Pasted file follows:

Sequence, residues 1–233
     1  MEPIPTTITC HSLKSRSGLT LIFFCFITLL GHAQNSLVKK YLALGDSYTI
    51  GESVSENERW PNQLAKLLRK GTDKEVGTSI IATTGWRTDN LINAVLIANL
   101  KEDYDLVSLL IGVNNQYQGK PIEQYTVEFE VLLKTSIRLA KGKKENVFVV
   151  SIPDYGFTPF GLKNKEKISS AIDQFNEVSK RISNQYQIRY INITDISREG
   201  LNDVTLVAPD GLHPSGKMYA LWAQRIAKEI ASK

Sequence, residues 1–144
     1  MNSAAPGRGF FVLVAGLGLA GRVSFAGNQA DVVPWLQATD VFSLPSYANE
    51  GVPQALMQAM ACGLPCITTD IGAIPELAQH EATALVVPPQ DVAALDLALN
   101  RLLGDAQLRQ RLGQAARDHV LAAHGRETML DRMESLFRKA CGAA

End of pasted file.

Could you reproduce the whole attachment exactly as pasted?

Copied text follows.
Sequence, residues 1–233
     1  MEPIPTTITC HSLKSRSGLT LIFFCFITLL GHAQNSLVKK YLALGDSYTI
    51  GESVSENERW PNQLAKLLRK GTDKEVGTSI IATTGWRTDN LINAVLIANL
   101  KEDYDLVSLL IGVNNQYQGK PIEQYTVEFE VLLKTSIRLA KGKKENVFVV
   151  SIPDYGFTPF GLKNKEKISS AIDQFNEVSK RISNQYQIRY INITDISREG
   201  LNDVTLVAPD GLHPSGKMYA LWAQRIAKEI ASK

Sequence, residues 1–144
     1  MNSAAPGRGF FVLVAGLGLA GRVSFAGNQA DVVPWLQATD VFSLPSYANE
    51  GVPQALMQAM ACGLPCITTD IGAIPELAQH EATALVVPPQ DVAALDLALN
   101  RLLGDAQLRQ RLGQAARDHV LAAHGRETML DRMESLFRKA CGAA